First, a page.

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Hemodynamically Unstable Patients
Maintain ABCs. Fluid Bolus
Shunt-Dependant Congenital Lesions
PGE1 0.05 to 0.1 ug/kg/min increasing to 0.2 if no improvement
Cardiogenic Shock from Acquired Cardiomyopathies
Most cases are idiopathic
If there is an identified cause, coxsackie enterovirus will be the most common agent. CPK will be elevated.
Keep the infant in quiet comfortable environment. Administer O2
Lasix 1 mg/kg can be administered.
Can cause sudden death, dysrhythmia, and ischemia.
Autosomal dominant inheritance
Irregular left ventricular hypertrophy or septal hypertrophy.
Problems are caused by diastolic dysfunction, hence the goal is to improve L ventricular diastolic filling. Reducing heart rate allows more time for filling. Decreasing muscle tension also allows easier filling. B and calcium channel blockers achieve these goals.
Normal Newborn HR is 85-205. Sinus tach should not exceed 220 bpm.
Age HR BP Neonate 85-205 60-80 SBP by palp 1 yr 100-130 80/40-105/70 5 yr 80-110 80/50-110/80 10 yr 70-100 90/55-130/85 15 yr 60-80 95/60-140/90 Adult 60-80 100/60-140/90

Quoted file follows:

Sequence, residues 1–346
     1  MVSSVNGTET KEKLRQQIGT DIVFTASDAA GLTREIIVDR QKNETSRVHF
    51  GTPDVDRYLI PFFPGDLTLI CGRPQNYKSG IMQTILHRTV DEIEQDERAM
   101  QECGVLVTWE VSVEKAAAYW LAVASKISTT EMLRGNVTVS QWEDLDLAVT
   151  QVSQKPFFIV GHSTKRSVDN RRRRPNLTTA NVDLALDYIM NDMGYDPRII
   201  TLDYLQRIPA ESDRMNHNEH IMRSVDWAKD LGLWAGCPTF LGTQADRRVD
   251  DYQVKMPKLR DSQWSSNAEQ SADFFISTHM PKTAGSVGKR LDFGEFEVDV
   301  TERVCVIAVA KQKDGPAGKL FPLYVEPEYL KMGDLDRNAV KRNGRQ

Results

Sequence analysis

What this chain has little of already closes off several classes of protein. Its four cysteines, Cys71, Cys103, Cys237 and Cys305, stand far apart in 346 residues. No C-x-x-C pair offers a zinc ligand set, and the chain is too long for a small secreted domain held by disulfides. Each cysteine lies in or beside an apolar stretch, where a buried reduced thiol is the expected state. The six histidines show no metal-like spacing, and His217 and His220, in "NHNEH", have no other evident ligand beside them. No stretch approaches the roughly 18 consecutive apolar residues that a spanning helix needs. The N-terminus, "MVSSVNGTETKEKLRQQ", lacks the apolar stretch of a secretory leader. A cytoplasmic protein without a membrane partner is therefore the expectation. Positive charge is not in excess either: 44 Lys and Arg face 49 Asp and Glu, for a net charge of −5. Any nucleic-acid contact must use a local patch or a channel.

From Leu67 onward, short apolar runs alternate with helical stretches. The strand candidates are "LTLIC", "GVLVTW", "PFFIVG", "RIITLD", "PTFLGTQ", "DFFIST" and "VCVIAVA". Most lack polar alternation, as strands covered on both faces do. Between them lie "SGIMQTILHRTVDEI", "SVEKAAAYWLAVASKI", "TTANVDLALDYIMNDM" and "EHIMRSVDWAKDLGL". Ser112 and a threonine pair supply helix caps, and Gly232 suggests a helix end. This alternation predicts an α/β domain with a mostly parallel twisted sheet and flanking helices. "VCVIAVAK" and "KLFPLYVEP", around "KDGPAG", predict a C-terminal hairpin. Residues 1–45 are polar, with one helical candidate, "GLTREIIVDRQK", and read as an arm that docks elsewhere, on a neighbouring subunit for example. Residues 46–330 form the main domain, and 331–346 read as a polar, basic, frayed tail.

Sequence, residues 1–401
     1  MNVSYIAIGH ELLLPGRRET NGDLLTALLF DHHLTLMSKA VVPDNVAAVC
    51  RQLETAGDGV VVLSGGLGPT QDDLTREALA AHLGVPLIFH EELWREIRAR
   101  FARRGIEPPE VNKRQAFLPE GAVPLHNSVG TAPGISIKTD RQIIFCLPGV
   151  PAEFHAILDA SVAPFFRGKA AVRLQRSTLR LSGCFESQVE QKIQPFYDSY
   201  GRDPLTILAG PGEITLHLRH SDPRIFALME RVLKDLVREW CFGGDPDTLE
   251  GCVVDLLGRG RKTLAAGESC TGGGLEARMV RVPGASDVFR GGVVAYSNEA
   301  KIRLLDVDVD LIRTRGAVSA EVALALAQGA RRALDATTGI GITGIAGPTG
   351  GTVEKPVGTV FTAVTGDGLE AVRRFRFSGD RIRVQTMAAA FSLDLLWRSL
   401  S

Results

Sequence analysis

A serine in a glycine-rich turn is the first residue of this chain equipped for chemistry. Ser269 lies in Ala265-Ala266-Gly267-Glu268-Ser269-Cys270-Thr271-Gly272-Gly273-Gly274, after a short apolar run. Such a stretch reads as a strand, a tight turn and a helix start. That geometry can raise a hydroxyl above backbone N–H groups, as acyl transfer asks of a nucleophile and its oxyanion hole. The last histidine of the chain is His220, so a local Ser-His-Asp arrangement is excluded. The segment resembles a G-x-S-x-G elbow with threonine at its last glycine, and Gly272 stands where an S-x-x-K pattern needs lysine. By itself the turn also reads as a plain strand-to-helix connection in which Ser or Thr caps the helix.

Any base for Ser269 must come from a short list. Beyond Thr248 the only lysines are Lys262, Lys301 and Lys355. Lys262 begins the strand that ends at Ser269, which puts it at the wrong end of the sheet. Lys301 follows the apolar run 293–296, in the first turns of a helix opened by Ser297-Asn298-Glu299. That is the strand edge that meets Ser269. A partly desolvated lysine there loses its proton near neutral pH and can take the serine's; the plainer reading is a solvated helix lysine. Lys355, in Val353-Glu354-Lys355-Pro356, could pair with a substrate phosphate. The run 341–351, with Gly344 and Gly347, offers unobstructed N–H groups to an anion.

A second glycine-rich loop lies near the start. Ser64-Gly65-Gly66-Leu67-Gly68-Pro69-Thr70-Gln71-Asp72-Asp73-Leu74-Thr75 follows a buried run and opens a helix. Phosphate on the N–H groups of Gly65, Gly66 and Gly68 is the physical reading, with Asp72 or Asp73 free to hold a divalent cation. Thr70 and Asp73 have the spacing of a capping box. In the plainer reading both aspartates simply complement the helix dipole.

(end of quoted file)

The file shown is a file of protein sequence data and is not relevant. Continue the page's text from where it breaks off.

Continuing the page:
Medication vs. shock @ 0.5-1 J/kg
Adenosine 0.05 mg/kg increasing to 0.1 or 0.15 mg/kg (max 12 mg/dose)
hypoxemia and vagal stimulation are the most common causes
epi 0.01 mg/kg 1:10000 dilution. If epi is not effective, atropine 0.02 mg/kg, minimum .1 mgBack to top
Stable Symptomatic Patients
>5 g/dl of deoxygenated hemoglobin. Acrocyanosis (confined to hands and feet) is a normal variant in newborns. Central cyanosis is a sign of systemic hypoxemia. May need hyperoxia test to evaluate for cardiac disorder. Get baseline ABG then place on 100% O2 and repeat the ABG. It is positive if < 100 mm Hg. Get c-xr and 12 lead.
Congestive Heart Failure
Sweating during feeding is equivalent to dyspnea on exertion.Back to top
Acute Rheumatic Fever
<45o in infants, 440 in children, and 430 in adolescents.Back to top
Problems in Children with Known Heart Disease
Hypoxemic (Tet) Spells
cyanosis, rapid respirations, floppy, decreased mental status,
Calm the child, administer 100% O2, place in knee to chest position
If the spell continues, give morphine 0.1 mg/kg and fluid bolus. If they still persist, give esmolol 0.5 to 0.6 mg/kg over 1 minute followed by an infusion at 0.2 mg/kg/min
Suspect if murmur disappears
Pulmonary Hypertensive Crisis
Alkalinization and 100 O2.
Subacute Bacterial Endocarditis
Get at least 2 sets of cultures before antibiotics.
Most often presents in children with bradycardia.